|Abbot Phra Acharn Phusit Khantitharo (Source)|
What would you do if you were given a diagnosis of terminal leukemia? Phra Acharn chose to become a monk and walk the roads of Thailand, journeying from monastery to monastery. Along the way he eradicated his fear of death (and apparently his leukemia) and any feelings of fear from wild animals. He settled in a forest monastery known as The Tiger Temple.
As the narrator tells it: "Phra Acharn is not an animal trainer, he has no relevant education but nevertheless he bridles adult tigers and directs them without chains and cages, without any power." What sort of leader is capable of taking in tigers and not trying to domesticate or assert his will over the tigers but whose ultimate goal is to create Tiger Island--a place where the endangered tigers may live freely, naturally?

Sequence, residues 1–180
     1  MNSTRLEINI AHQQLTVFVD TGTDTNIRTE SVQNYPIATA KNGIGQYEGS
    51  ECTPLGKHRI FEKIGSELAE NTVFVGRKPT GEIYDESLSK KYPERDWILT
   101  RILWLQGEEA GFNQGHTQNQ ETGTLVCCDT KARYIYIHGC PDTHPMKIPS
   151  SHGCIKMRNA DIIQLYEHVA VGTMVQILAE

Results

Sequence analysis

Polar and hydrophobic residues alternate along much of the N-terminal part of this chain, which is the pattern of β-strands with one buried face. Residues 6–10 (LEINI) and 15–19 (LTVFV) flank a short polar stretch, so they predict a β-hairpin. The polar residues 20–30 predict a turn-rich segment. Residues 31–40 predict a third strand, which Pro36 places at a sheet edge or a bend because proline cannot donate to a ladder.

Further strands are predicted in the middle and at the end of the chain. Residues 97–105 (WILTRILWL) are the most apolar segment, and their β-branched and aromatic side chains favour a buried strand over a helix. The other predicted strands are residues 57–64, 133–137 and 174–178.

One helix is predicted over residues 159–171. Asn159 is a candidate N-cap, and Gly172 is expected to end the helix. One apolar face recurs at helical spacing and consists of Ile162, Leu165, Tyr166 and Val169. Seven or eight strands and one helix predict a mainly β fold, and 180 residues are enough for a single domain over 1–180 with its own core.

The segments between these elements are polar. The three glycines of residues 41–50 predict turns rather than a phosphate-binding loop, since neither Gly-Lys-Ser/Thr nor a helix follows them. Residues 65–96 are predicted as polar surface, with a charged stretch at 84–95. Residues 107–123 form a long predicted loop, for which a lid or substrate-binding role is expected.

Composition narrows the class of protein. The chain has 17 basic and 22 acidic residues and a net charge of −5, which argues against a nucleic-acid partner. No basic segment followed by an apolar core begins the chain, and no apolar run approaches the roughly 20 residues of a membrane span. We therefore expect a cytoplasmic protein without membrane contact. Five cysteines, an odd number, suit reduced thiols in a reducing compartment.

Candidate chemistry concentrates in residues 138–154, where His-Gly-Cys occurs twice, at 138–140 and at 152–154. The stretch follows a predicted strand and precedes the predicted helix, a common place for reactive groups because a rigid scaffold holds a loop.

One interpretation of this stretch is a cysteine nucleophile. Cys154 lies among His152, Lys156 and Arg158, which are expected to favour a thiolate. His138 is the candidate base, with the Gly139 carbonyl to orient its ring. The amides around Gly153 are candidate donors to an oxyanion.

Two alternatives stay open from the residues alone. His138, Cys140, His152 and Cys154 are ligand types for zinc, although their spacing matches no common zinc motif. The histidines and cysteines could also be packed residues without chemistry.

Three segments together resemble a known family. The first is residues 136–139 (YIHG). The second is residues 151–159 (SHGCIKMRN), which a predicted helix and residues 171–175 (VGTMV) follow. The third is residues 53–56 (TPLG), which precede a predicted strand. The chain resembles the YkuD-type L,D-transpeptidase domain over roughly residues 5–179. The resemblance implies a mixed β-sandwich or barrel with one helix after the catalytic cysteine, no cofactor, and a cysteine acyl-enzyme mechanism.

As Acharn tells it: "Every single tiger is special. Each one has feelings, thoughts and dreams. These tigers are not here by chance, they came to me looking for protection. Now I am responsible for them." Indeed the story told in The Tiger and The Monk is one where leadership dives to deeper and more complicated levels. Monks are forbidden to work for money and even beg for their food yet the the tigers must be fed and cared for. The tigers are most noticed at the monastery but the temple has also become a self-formed sanctuary started by old, injured animals that showed up. Wild boars, peacocks, deer, water buffalo and horses have formed a "strange community" under the protection of the monastery walls. The abbot and his monks daily walk the tigers on leashes or merely with a hand on the back through this animal sanctuary. It seems unbelievable when one holds a paradigm that leaders cannot manage by peaceful means; however it also seems the most harmonious means of leadership are indeed through peaceful, attentive loving kindness.
|Collaborative Leadership Relationship (Source)|